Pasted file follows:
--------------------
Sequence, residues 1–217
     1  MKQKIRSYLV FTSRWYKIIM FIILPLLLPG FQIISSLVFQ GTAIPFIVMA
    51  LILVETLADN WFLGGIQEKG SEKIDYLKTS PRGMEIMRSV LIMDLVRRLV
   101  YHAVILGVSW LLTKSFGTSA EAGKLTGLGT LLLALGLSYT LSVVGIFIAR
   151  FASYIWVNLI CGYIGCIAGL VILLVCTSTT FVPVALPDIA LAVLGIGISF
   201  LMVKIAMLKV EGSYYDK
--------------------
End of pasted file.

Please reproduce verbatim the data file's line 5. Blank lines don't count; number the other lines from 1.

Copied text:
   151  FASYIWVNLI CGYIGCIAGL VILLVCTSTT FVPVALPDIA LAVLGIGISF